An angry elderly woman at a townhall campaign event in New Hampshire let Jeb Bush know just what she and most Americans think of his plan to phase out Medicare.
Jeb Bush defends Medicare 'phase out' comment
By ELI STOKOLS
“We’re not going to have adequate coverage for our children or our grandchildren without Medicare. I paid into that for years and years just like all these other seniors here and now you want to take it away?” said the woman, who did not identify herself and left before the town hall concluded. “Why are you always attacking the seniors?”
“Well, I’m not,” Bush responded. “Here’s what I said: I said we’re going to have to reform our entitlement system. We have to.”
“It’s not an entitlement,” the woman shot back. “I earned that.”
“It’s an actuarially unsound healthcare system,” said Bush, who said something must be done before the system burdens future generations with $50 billion of debt. “Social Security is an underfunded retirement system; people have put money into it, for sure.
“The people that are receiving these benefits, I don’t think that we should touch that; but your children and grandchildren are not going to get the benefit of this that they believe they’re going to get or that you think they’re going to get, because the amount of money put in compared to the amount of money the system costs is wrong.”
Of course the Republicans would rather scrap Medicare than make some minor adjustments to how its financed. That goes back to Republicans' pathological fear of raising more revenue for any purpose. Otherwise their Koch donors might be disappointed in their substantial investment in the Republican Party.
Jeb Bush pushes to ‘phase out’ Medicare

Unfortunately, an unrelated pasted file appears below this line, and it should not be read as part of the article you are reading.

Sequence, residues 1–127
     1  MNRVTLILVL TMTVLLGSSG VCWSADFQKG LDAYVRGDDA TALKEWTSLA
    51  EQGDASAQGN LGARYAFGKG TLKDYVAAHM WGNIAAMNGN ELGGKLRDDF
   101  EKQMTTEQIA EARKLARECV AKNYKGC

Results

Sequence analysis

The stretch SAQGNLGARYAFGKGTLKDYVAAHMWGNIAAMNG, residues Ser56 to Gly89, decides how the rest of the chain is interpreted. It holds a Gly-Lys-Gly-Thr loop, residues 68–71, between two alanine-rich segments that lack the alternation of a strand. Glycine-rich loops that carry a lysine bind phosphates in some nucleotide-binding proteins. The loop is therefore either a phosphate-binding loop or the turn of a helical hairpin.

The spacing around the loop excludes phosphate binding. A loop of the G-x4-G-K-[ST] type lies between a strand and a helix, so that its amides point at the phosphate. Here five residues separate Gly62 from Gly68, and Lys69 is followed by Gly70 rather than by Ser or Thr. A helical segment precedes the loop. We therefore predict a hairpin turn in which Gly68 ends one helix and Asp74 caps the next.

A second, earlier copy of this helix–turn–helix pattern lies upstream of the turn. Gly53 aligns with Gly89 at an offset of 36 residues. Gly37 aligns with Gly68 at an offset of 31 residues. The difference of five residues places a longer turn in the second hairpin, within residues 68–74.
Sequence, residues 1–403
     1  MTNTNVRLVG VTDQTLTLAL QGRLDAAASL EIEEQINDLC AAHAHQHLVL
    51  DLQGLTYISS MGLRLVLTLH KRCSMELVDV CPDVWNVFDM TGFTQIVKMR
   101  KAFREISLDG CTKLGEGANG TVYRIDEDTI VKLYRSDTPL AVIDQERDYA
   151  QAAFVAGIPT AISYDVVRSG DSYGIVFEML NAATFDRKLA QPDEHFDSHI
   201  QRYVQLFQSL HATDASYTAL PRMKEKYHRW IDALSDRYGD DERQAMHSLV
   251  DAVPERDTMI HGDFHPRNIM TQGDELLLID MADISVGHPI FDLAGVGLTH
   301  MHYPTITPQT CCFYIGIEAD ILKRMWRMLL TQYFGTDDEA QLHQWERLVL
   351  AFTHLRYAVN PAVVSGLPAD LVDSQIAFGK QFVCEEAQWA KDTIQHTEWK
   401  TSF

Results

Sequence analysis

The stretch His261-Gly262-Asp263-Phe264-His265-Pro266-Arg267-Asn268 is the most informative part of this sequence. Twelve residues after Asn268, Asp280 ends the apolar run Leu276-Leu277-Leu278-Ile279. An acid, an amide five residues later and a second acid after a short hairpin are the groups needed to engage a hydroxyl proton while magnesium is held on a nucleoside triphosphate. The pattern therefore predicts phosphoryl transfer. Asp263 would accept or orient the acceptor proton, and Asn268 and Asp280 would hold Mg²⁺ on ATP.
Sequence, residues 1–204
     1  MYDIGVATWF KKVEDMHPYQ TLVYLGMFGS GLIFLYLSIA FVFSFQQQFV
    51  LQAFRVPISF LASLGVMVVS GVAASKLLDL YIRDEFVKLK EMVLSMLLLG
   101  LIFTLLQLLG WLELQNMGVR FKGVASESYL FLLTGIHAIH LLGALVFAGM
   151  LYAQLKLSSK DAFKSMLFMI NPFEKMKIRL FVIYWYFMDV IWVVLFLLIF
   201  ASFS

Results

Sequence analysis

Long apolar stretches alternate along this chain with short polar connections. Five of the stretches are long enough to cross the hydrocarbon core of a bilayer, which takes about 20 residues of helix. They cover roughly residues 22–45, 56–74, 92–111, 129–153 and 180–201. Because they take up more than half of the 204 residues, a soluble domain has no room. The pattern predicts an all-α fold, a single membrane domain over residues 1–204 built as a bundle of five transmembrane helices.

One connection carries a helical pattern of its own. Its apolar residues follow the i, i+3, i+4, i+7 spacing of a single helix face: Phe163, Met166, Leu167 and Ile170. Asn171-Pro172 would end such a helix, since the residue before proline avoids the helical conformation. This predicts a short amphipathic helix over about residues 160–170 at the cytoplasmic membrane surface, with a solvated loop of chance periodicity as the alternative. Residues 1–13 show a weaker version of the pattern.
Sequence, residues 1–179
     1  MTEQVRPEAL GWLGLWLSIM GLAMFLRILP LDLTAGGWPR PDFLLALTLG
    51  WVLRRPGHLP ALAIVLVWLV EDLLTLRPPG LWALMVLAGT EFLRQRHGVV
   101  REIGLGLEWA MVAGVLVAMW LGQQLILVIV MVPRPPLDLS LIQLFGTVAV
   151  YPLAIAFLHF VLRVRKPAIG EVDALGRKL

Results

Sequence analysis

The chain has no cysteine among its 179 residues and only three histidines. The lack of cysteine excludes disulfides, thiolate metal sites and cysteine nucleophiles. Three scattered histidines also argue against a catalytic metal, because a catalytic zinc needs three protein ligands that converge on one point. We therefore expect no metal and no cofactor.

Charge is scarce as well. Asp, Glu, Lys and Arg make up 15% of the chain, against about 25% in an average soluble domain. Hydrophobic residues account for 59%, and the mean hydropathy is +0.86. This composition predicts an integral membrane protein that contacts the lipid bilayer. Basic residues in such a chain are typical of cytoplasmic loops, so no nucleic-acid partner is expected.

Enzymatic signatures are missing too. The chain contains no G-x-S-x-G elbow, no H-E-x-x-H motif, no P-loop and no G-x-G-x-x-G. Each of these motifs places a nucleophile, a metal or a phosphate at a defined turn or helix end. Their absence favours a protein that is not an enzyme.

By Steve Benen
It says something important about Republican politics in 2015 when the most mainstream candidate is also the candidate who wants to scrap Medicare altogether.
Regardless, there’s quite a bit wrong with his take on the issue, both as a matter of politics and policy. Let’s start with the former.
The Florida Republican is convinced that “people understand” the need to get rid of Medicare. He’s mistaken. Given the polling from the last several years, what people understand is that Medicare is a popular and successful program, and a pillar of modern American life.
As for the policy, there’s no point in denying that the Medicare system faces long-term fiscal challenges, but to argue, as Jeb Bush does, that Democrats have ignored the conversation is plainly incorrect. On the contrary, while Republicans fight to eliminate the Medicare program, Democrats have had great success in strengthening Medicare finances and extending its fiscal health for many years to come.
The secret, apparently, was passing the Affordable Care Act.
Before “Obamacare” was passed, Medicare was projected to face a serious fiscal shortfall in 2017. As of yesterday, Medicare trustees now believe the system is fiscally secure through 2030.
This shows the extent that Republicans no longer care about typical Americans, its all about pleasing their big donors. That could be one of the factors adding to the GOP base's embrace of Donald Trump. For all his many glaring shortcomings Trump doesn't spend his days begging other members of the elite for money.
Jeb Bush raised 88% of his campaign cash from donors who gave the primary maximum of $2,700